November 21, 2018
Resumé Pro Tips – Part 1
Part 1: Determining the Experience You Want
Getting started in a new industry can be a challenge, but
the reward for your self-promotion can be a fulfilling career on our beautiful
island. Here are some steps to help you
identify the skills you already have as well as those you should consider
developing to get the resume for your dream job.
What Do I Want?
Identifying your skill set is easier when you have a
target. This is why resumes should
always be refined to reflect the particular job application. To develop a basic template that you can
retool on a job-by-job basis, research the requirements of the role you want
and dedicate a week looking for instances where you are already meeting them or
have met them past roles. (We’ll have
more on this in Part 2). If you don’t
yet have a clear goal, you should spend time online collecting job descriptions
of positions that sound like interesting future employment and make a note of
any recurring qualifications. You might
come up with a list of four or five skills you want to develop. Pursuing these might be the path to your
How Do I Get It?
Once you highlight the skills and experiences you want to
develop, there are a few options for getting them off of your wish-list and onto
Direct Your Work Experience
Having a clear goal helps you be alert to opportunities in
your current job to work toward your next job.
Are there events or training days you could attend? Are there groups or committees you could
join? Is this the reason to take the
otherwise unglamorous team lead role?
If you are currently unemployed or considering a job that
seems nowhere near your “dream job”, ask yourself if the lower-level job could
help you develop any of the skills of your list. Sometimes a short-term job can be a
stepping-stone to your next big opportunity.
There are two ways to choose a volunteer opportunity, and
both are worthwhile. If you have the
chance, choose a passion-project. Doing
something with meaning to you usually translates into you doing great work and
feeling fulfilled. How do people spend 20
hours a week at a theatre on top of their day jobs, or stay connected to a
non-profit for over a decade?
Passion. There is nothing more
rewarding than this kind of volunteering.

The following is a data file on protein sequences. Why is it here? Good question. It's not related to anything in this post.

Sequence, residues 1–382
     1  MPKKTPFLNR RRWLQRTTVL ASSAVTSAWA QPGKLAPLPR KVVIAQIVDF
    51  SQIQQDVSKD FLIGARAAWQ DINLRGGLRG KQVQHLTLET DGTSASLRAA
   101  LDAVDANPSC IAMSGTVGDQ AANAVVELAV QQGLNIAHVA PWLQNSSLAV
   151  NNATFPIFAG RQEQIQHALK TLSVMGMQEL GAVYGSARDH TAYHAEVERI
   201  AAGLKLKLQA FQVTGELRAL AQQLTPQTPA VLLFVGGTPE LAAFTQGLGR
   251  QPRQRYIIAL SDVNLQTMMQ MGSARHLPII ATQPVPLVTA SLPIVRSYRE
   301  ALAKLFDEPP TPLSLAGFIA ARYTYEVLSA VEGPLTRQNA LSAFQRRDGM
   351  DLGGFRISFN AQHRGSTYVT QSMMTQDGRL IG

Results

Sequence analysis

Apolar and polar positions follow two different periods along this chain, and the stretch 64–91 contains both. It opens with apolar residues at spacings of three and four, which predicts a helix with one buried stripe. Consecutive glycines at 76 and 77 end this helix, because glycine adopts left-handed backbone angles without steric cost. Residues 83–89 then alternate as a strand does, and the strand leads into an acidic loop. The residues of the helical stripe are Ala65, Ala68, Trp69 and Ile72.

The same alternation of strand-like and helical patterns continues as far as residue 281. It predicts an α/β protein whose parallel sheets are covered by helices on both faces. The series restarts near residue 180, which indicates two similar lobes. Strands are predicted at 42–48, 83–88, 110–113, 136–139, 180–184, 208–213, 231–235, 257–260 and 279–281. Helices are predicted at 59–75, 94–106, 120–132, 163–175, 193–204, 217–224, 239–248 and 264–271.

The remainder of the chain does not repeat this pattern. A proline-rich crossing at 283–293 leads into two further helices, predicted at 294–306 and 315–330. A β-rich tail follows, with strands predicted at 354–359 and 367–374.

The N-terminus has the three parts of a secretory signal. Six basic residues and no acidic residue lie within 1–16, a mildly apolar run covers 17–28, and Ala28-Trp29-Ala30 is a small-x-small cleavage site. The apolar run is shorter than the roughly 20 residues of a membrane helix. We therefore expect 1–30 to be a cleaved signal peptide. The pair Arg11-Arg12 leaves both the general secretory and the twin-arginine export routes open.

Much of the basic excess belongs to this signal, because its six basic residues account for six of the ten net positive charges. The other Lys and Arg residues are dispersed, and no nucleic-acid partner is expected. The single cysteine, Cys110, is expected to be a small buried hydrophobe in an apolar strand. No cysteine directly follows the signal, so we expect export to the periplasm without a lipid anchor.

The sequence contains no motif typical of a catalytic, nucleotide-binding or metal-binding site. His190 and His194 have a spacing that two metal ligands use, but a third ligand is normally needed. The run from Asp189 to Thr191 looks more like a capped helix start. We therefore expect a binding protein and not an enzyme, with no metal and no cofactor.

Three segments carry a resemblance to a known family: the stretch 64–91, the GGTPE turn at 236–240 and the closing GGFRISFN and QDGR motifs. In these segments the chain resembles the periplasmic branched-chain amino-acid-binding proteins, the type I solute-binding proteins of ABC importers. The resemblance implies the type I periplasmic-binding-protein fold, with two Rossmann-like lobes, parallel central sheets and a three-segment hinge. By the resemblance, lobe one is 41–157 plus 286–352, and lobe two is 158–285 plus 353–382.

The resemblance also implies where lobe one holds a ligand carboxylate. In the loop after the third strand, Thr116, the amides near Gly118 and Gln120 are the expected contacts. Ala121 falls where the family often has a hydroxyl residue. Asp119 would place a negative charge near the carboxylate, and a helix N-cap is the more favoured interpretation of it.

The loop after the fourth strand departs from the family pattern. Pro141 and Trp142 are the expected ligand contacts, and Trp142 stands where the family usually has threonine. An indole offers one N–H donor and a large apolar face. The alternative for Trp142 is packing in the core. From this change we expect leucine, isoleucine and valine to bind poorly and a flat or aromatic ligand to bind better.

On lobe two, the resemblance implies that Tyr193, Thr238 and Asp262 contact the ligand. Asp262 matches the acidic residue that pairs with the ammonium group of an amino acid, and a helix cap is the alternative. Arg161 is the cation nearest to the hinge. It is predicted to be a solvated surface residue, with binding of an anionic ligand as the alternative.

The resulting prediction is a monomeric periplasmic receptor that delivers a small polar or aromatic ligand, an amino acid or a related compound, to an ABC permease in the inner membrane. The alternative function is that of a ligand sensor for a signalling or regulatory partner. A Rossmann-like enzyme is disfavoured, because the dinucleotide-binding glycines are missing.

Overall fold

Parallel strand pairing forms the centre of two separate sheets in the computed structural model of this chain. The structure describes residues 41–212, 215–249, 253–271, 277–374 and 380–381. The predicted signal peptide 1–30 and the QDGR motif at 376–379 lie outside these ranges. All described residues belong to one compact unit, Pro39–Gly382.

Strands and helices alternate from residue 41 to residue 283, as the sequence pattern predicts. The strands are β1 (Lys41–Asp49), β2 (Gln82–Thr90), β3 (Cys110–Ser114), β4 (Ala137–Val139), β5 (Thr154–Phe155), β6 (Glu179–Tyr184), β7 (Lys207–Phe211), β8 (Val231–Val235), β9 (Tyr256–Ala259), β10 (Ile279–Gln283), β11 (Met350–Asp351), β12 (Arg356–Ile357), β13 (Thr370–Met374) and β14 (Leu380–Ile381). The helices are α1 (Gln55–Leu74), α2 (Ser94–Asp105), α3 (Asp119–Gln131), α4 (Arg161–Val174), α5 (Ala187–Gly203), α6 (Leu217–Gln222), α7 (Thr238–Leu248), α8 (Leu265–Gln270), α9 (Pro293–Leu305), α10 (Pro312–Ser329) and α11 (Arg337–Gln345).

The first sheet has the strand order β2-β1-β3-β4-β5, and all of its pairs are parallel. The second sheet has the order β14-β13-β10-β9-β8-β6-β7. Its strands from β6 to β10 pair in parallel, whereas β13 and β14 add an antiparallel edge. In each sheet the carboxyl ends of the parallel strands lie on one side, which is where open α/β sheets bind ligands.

However, an equally good reason to volunteer is to build
experience. If you can find a role that
develops the skills you want for your resume, seize it! Experience gained volunteering is viable for
your resume and can be referenced in job interviews. Supervisors from volunteering can be powerful
references and everyone you work with through interviewing expands your
The right volunteer role can make you look like a go-getter,
someone who is willing to go the extra mile for their community. These traits are hard to write convincingly
on a resume because they tend to emerge based on the jobs and roles listed and
influence the profile the employer is building about you. And no matter what your dream role is, all
employers want to know they are hiring hard-workers.
One final note of encouragement: to those starting out on
career paths, there can be so many unknowns that it is difficult just to
start. Often, the real struggle is for
confidence: how do you believe you are right for the job when you have little
concrete experience in the workforce?
Understanding the language job posts use can help with this, and this
will be addressed in our next post.
Equally important, however, is just getting started. Take the minimum wage job, the part-time job,
the out-of-your-comfort-zone job, if it means you will be out of the house and
succeeding in some small way in the workforce.
And find a volunteer opportunity to dig-into. It’s tough to start volunteering when you are
unemployed, uncertain, or unfulfilled, but it can be a real chance to gain some
experiences and the confidence that comes with them.
And then put that experience on your resume!